The duo toured the Olympic cross-country ski center, but not until Al-Sisi got to view an elaborate and tempting display of Russian military hardware that Putin had kindly set out before him, right there at the Sochi airport. Al-Sisi was barely out of his plane before he was gazing upon a massive array of armored vehicles, missile systems, and other weapons goodies — all of them available for sale. 

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Why the Vatican Backs Airstrikes in Iraq But Not Syria

By on 8.18.14 | 10:51AM

The Vatican, working off Catholic doctrine of just war, has announced that it condones American military intervention in Iraq, the Washington Times reported last week. The Holy See’s ambassador to the United Nations, Silvano Tomasi, is quoted as saying, “Military action might be necessary,” and calling for, “intervention now, before it is too late.”

The move to endorse American airstrikes against the militants of the Islamic State, formerly known as ISIS, diverges from Vatican policy in Syria. Last year when President Obama considered intervening with airstrikes in the Syrian civil war, the Vatican condemned the plan. It disapproved, too, of the 2003 invasion of Iraq. Fear for the safety and freedom of Christians and other minority religious sects in Iraq today has altered the assessment.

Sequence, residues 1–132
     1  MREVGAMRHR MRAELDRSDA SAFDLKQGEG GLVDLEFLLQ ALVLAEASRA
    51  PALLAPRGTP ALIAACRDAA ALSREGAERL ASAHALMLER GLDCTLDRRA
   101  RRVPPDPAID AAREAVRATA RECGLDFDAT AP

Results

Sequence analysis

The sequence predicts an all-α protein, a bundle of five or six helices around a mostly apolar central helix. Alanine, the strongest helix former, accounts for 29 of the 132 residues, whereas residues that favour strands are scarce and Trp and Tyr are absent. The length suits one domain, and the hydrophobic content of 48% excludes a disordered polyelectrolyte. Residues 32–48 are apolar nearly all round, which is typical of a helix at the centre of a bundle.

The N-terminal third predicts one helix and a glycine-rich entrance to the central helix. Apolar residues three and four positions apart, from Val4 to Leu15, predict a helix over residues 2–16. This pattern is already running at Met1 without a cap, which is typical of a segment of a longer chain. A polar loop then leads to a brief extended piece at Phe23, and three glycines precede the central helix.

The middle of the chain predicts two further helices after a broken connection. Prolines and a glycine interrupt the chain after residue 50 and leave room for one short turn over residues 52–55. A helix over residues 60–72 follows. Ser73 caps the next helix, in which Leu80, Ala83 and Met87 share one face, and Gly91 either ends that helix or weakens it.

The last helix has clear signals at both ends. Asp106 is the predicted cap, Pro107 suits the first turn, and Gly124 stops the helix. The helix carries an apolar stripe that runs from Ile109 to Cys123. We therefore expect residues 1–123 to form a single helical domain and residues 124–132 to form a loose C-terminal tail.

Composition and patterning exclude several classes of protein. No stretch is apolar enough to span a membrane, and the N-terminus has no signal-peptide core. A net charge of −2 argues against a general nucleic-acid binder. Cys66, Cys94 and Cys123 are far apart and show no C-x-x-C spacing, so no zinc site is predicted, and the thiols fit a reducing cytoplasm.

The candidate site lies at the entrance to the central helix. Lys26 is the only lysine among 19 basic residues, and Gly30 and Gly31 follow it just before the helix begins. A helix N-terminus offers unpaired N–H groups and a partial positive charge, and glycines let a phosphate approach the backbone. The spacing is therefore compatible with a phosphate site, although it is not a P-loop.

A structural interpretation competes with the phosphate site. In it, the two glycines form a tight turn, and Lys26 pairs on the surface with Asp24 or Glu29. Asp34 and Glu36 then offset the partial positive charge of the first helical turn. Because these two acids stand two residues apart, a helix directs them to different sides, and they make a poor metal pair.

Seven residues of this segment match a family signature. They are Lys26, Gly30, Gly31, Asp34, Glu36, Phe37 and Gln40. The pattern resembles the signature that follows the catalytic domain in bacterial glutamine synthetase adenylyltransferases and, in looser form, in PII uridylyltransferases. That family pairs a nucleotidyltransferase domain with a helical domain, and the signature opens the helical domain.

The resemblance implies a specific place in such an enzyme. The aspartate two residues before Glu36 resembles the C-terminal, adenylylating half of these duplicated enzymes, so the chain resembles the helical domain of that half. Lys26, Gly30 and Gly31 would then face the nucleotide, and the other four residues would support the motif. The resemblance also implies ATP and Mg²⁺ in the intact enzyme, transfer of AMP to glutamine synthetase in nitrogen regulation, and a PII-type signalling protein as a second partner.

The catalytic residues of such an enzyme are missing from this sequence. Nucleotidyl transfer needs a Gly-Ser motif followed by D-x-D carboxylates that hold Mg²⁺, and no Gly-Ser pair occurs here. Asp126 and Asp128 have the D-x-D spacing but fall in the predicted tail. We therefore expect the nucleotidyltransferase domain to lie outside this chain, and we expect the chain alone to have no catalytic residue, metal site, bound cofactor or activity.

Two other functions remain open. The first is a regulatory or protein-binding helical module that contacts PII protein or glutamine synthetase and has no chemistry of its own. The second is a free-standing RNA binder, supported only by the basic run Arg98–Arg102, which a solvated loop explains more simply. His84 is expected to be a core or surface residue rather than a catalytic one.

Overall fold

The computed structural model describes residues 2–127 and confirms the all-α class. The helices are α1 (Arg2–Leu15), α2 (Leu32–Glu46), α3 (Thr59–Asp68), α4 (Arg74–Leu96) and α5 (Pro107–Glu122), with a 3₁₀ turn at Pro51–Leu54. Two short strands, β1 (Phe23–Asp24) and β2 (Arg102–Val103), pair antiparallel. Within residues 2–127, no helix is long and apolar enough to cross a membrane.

Just war theory is perhaps best summarized in paragraph 2309 of the Catechism of the Catholic Church. It reads:

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The Iraq Spectator

The Collapse of the Liberal World Order

By 8.14.14

President Obama has ended the Iraq War.” So says the White House blog, the headline preserved in the amber that is the Internet. The date: October 21, 2011 at 2:18 Eastern Daylight Time. Along with a video of the president saying this, a statement on the site has been helpfully provided, partially excerpted here:

In 2008, in the height of the presidential campaign, then-Senator Obama made a promise to give our military a new mission: ending the war in Iraq.

As the election unfolded, he reiterated this pledge again and again — but cautioned that we would be “as careful getting out of Iraq as we were careless getting in.”…

Now, that promise will be wholly fulfilled. Today, President Obama announced that the rest of our troops will be home by the holidays.…

But this moment represents more than an accomplishment for the President. It marks a monumental change of focus for our military and a fundamental shift in the way that the our nation will engage in the world….

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The War on Terror Spectator